“The straw that broke the camel’s back” is a handy expression, and especially now when it can feel like there are whole straw-fields of problems to run-through (and not in a “naughty” way). But it is totally inappropriate when it comes to solving the world’s plastic problem.
Straws really are a mere drop in the ocean of what needs to be done. The total amount of plastic straws that end up in the ocean annually only account for 0.03 per cent of marine plastic pollution. Straws alone, sadly, are not going to definitively solve, nor break, anything.
Banning them (and plastic cotton buds) within a year, as Michael Gove proposed on Monday with the launch of new public consultation, is a nice gesture – a kind of polite “bring chocolates” when you first meet your partner’s mum.
The best case scenario is that it starts a useful trend of greater state intervention in the wider environmental crisis (carbon emissions need to reach zero by 2050, remember, if we’re to prevent catastrophic levels of global warming).
Far more likely, however, is that the proposal will act as a distraction from the bigger, harder and much more impactful bans that should be on the table – such as saving marine life by extending marine protected areas, or tackling the climate crisis by banning all sales of new petrol and diesel cars by 2032, instead of 2040, as a recent report by a parliamentary committee recommended.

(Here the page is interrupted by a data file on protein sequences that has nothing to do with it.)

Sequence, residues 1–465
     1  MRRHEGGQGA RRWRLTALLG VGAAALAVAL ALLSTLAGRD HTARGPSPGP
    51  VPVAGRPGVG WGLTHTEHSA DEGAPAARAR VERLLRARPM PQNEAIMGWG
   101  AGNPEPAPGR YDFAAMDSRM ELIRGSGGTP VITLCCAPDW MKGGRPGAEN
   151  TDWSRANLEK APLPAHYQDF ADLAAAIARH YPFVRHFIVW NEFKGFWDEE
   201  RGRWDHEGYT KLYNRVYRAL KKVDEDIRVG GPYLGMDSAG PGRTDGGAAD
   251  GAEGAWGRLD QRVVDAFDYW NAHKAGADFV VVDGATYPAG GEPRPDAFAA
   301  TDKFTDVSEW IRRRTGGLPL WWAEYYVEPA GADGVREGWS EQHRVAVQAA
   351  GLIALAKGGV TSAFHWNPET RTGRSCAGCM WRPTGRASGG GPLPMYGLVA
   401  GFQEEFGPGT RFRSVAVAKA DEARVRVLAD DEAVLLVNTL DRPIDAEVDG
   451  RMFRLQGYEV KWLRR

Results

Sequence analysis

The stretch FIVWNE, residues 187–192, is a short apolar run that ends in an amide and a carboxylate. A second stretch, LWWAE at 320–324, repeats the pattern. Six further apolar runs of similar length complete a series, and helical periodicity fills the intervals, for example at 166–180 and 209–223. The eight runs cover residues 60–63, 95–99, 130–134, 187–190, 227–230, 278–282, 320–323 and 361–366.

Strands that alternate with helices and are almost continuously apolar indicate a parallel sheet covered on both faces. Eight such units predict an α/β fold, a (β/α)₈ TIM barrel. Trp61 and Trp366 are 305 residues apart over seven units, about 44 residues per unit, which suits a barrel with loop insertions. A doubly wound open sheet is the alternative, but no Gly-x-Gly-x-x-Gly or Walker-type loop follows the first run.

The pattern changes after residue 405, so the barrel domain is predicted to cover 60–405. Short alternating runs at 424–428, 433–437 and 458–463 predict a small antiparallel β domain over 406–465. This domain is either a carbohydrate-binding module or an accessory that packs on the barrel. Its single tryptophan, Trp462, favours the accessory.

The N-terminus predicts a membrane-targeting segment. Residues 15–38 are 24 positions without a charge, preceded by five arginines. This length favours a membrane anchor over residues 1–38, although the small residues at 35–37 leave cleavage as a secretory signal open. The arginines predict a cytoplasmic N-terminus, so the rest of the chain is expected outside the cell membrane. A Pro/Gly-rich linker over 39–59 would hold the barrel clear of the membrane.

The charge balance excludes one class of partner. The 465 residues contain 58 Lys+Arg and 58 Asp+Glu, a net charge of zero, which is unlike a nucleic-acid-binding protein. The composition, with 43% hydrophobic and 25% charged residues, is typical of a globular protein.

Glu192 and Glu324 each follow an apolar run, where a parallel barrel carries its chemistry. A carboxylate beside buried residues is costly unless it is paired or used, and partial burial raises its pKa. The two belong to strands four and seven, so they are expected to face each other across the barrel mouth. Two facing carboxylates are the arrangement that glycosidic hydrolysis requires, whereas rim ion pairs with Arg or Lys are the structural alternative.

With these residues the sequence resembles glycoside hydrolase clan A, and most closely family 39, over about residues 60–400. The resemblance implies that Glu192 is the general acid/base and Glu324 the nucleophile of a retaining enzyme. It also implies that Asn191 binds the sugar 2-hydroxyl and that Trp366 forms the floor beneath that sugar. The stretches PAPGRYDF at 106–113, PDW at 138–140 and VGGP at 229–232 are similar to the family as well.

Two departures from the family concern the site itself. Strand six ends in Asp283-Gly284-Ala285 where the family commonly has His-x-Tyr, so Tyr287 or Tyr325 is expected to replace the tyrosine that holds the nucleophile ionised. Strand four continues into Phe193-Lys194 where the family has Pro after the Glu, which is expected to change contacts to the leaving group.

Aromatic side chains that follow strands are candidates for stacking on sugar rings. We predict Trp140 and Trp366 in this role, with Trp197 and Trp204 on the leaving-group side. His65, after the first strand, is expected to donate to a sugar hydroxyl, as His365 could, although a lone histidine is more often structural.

It is also a disingenuous distraction. By focusing on everyday household items (instead of industrial or workplace plastics, or even food-related packaging), the government is once again placing the pressure of change (and therefore also the insinuation of blame) on the individual consumer.
Meanwhile, government cuts are undermining individuals’ good efforts. The Environment Agency, for instance, is presently conducting a major investigation into claims of fraud in the UK’s recycling exports system. New revelations by Greenpeace’s Unearthed and The Daily Telegraph have revealed that three acres of UK waste, standing at almost 10 feet tall, has been illegally dumped outside the Malaysian capital of Kuala Lumpur.
The government must clean up its own act, before it earns the right to brag about cleaning up the seas.